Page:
In this session, you’ll learn the latest best practices for optimizing your release. Specifically, you’ll learn how to:

  • Avoid Google’s wrath. Avoid best practices from last year that Google now treats as gaming the system. The penalty: lower rankings.
  • Link for SEO. Learn where to link, how often to link, how to write a release link (it’s different from every other kind) and what you must add to your links to avoid being penalized by Google.
  • Optimize for semantic search. Now that Google’s gotten smarter, as well as tougher, keyword stuffing can’t help, might hurt. So what’s a writer to do?
  • Write for search engine results pages. Help readers click on, as well as find, your release.

Get a PR-Writing Workout With Wylie

Take your story from ‘meh’ to masterpiece

In the crunch of writing headlines and meeting deadlines, it sometimes seems as if there’s not enough time to pause and consider how you’re doing. But in our practice sessions, you’ll get a great opportunity for reflection and improvement.

Bring your laptop and a story to work on. You’ll get a chance to write and rewrite, get and give feedback, and leave with a totally rewritten piece. In these practice sessions, you’ll:

  • Master the techniques you learn in the workshop by applying them immediately. (That’s how we put the “Master” in the Master Class!)
  • Gain valuable insights on your work from your peers and from Ann.
  • Learn to analyze and improve others’ writing — the best skill you can develop for editing others or improving your own work.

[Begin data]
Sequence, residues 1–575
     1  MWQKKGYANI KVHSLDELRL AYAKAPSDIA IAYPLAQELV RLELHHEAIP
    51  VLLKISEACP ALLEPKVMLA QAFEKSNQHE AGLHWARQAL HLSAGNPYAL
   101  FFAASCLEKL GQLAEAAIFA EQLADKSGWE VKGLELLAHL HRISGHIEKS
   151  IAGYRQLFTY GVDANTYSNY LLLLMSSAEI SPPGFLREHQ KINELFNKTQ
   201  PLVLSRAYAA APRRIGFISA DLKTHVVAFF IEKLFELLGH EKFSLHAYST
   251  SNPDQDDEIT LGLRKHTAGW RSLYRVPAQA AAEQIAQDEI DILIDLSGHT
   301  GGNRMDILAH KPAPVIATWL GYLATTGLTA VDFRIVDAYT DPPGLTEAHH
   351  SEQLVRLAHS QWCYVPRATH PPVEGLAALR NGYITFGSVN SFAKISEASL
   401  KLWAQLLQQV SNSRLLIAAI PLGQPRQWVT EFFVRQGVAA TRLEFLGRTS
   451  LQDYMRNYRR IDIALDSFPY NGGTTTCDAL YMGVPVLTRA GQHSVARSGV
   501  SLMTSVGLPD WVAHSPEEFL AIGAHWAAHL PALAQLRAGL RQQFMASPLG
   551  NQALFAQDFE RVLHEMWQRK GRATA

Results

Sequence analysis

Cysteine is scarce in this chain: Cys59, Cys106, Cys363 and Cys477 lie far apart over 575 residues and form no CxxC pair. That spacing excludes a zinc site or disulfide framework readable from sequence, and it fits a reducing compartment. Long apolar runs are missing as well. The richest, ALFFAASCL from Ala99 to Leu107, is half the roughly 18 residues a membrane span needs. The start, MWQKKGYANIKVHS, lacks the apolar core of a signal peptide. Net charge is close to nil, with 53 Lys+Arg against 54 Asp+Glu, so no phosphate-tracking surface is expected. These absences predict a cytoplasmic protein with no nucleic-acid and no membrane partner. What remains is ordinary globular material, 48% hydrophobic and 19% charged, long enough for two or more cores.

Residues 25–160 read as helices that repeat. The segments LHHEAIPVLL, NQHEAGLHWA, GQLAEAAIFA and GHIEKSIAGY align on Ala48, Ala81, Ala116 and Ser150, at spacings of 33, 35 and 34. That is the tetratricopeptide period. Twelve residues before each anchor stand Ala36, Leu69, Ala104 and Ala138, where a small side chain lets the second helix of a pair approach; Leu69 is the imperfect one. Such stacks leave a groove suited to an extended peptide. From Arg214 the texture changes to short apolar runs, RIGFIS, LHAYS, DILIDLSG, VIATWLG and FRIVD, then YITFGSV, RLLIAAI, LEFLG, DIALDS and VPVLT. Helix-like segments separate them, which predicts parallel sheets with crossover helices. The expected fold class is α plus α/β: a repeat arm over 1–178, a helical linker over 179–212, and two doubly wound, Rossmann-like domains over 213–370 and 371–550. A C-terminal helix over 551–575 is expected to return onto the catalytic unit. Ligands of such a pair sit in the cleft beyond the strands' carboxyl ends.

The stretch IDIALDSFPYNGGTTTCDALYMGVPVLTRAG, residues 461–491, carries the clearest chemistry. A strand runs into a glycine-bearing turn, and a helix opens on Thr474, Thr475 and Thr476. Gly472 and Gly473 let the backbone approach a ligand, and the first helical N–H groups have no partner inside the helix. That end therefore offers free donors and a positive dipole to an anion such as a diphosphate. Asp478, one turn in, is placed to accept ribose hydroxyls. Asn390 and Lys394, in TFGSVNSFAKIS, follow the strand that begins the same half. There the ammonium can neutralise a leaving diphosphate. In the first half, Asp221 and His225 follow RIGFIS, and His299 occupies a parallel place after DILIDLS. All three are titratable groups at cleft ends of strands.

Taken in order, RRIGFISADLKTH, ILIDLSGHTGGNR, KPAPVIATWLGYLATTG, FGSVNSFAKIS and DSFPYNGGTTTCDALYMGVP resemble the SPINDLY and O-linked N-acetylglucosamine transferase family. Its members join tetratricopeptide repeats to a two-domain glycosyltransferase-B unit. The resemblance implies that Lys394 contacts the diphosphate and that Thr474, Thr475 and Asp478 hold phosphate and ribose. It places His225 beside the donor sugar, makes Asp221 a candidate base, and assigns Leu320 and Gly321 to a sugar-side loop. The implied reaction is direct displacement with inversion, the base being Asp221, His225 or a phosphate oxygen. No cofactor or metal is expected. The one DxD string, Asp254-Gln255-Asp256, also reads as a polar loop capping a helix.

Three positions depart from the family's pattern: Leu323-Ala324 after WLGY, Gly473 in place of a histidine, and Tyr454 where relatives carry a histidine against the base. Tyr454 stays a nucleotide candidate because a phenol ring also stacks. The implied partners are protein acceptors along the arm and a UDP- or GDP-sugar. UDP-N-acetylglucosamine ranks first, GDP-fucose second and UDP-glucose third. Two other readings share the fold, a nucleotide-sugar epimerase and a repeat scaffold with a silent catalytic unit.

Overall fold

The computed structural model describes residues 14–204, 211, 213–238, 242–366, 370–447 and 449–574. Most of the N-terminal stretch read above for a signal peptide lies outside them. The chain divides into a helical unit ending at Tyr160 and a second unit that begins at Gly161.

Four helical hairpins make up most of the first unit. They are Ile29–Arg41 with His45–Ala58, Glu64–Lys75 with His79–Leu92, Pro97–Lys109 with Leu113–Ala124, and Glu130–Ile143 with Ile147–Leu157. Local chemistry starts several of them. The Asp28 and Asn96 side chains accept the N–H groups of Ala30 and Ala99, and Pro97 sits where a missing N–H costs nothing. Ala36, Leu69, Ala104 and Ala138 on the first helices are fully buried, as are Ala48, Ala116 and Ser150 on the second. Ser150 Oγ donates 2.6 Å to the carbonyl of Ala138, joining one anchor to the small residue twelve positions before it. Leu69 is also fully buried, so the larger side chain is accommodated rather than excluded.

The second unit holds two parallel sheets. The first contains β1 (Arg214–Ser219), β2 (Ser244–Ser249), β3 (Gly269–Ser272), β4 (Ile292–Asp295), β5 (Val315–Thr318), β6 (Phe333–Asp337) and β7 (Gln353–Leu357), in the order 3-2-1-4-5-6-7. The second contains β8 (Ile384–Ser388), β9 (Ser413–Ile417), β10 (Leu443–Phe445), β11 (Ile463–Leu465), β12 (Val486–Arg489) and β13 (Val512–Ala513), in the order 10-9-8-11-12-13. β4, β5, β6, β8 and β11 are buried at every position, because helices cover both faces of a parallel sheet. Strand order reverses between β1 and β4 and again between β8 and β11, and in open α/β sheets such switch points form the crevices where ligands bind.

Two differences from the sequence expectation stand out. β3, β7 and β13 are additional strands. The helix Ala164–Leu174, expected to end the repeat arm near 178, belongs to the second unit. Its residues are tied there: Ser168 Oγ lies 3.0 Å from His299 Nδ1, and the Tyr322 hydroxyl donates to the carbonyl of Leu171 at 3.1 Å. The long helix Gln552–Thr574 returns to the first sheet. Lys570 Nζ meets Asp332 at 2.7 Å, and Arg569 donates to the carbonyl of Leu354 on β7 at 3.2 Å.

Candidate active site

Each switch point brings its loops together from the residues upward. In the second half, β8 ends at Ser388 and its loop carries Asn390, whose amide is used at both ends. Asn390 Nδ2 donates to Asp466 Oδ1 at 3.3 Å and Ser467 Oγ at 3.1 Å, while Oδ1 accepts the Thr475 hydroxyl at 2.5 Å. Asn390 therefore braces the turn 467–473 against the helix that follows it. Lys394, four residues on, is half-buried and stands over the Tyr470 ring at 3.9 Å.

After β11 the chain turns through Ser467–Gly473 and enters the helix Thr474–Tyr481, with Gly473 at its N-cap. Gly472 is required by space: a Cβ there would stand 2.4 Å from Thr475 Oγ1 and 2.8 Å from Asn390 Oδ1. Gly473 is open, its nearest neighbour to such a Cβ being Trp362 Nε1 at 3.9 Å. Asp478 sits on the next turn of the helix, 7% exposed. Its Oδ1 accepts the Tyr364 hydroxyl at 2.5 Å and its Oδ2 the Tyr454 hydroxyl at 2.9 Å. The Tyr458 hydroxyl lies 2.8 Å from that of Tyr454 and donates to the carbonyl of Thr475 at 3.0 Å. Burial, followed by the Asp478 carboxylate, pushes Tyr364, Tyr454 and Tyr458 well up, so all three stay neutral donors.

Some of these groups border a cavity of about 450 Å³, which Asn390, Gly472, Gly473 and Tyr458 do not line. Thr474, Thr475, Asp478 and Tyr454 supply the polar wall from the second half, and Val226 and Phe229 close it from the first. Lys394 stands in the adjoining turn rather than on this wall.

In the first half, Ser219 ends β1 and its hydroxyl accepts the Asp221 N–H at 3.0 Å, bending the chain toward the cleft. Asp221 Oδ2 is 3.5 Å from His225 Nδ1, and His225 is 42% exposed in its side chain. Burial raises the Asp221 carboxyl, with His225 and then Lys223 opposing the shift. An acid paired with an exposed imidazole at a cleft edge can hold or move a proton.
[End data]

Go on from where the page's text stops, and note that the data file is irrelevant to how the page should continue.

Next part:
Don’t miss out. This is the only PR-writing workshop in Atlanta we have scheduled for 2018.

Save $100 when you register by May 15.


“I learned more about writing in two days than in four years of college and six years of practice.”
– Samantha Jorgensen, public relations & social media manager, Charles River Labs
“Without question, the best workshop I’ve ever taken.”
– Sarah Julian, director of communications, Oklahoma Public School Resource Center
“Every PR pro should take this!”
– Najeema Holas-Huggins, communications manager, Center for Health Law and Policy Innovation
“I highly recommend taking this class. I would take it again in a heartbeat to learn more and advance my writing.”
– Kim Bailey, manager of public relations, HCP Associates
“This is the best writing class I’ve attended in my 25-year PR career.”
— Mark Alden, PR manager, National Semiconductor
More participant comments
“Great – a must! Highly recommend.”
– Jo Banner, communications manager, New Orleans Plantation Country
“Fantastic! Reinforced some of our best practices, and identified so many more that we can put to action immediately.”
— Kelsey Ruthman, account manager, Osborn Barr
“Great workshop! So glad I attended. Real takeaways. Ann is a fantastic presenter and so engaging.”
— Sarah Broome, public relations specialist, Microchip
“Ann presents ideas in a way that solidify the concepts in my mind. Thank you!”
— Kris Hay, communications coordinator, University of Puget Sound Career & Employment Services
“I LOVED it! Ann is dynamic, informed and creative!”
— Hanna Herrin, account coordinator, Maxwell PR
“It was great. I learned a lot and had a good time learning how to edit and rewrite my press releases.”
— Laura Lundberg, account executive, CMD
“A+. It gave me a chance to reflect on my writing and take away lessons learned to my company.”
– Katie Schur, senior account executive, Aria Marketing
“Ann’s workshop is a fun, informative way to drastically improve my work.”
– Bill Pearson, public relations specialist, Navy Federal Credit Union
“Enlightening. Provides guidance, structure, suggestions, and overall a better understanding on writing for the reader.”
– Lori Araujo, communications specialist, Mission Support Alliance
“Comprehensive learning experience packed with relevant facts and information to back up best practices.”
— Stephanie Sobotik, senior manager, global marketing communications at Freescale Semiconductor
“Since I attended Ann’s PR writing class and started implementing her tips, every press release I’ve written has been picked up by the media. That’s what I call ROI!”